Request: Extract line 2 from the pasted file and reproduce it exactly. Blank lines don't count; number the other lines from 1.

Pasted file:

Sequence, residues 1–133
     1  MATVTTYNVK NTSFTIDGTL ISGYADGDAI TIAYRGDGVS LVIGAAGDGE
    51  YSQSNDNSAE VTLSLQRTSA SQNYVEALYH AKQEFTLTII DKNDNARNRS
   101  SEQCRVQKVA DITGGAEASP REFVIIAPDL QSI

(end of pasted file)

     1  MATVTTYNVK NTSFTIDGTL ISGYADGDAI TIAYRGDGVS LVIGAAGDGE